In the early fall, I will be marrying the man I love.  He is a long-timer incarcerated in an Alberta prison.

Let’s play a couple of rounds of Would You Rather, shall we?  The first dilemma is one I am constantly faced with.  The second is one that I pose to all of you.

  1. 1.      Would you rather stay in a relationship founded on love with a man
  • who worships you
  • treats you like gold, and
  • encourages your most important endeavours, but
  • cannot live with you for up to 15 more years, because that is how long he has to go on a sentence he has already served 20 years on

OR would you rather walk away from this relationship and

  • focus on doing all the things in life that you want to do
  • be accepted by the mainstream
  • forget about having to hide a part of your life from people you fear may not understand, but

know all the while that he

  • is in there alone,
  • feeling increasingly hopeless, and
  • unable to do the things you are doing?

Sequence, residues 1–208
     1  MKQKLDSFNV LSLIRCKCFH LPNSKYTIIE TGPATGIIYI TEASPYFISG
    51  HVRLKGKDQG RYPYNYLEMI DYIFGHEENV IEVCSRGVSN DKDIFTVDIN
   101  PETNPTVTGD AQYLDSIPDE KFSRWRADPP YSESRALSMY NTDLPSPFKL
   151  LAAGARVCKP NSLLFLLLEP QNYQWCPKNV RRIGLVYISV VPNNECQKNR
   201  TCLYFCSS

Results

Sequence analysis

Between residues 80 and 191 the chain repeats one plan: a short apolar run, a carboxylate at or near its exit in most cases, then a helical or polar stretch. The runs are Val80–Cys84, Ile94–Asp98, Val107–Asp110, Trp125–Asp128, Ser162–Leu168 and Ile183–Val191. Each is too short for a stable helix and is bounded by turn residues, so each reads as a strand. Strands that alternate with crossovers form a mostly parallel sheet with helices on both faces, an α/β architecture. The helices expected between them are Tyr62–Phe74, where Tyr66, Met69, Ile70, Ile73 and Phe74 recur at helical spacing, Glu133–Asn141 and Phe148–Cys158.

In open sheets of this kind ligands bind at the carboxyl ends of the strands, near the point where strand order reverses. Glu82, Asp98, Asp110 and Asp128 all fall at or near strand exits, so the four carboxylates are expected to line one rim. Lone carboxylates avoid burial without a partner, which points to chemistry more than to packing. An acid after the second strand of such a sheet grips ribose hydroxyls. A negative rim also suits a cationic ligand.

1. 2.      Would you rather have the correctional service gradually reintegrate a middle aged man back into the community
  • who has served 20 years of his sentence,
  • has not been involved in any criminal behaviour for 10 years,
  • has gained a tremendous amount of insight into his past behaviour,
  • has developed a solid plan to avoid falling into the same patterns that led to his violent behaviour in the past,
  • has a significant number of supports in the community who are willing to help emotionally, financially, and practically, and
  • is motivated to live his life in a way that gives back to society a small amount of what he has taken

OR would you rather this man be held in prison for another 15 years to serve out his entire sentence after which he will

  • be thoroughly institutionalized
  • be approaching retirement age and have few employment prospects,
  • be left to fend for himself with possibly little remaining community support and few resources
  • likely have a great deal of resentment toward the system that kept him in all this time?

Talk about dilemmas!  Anyone wish to venture a response?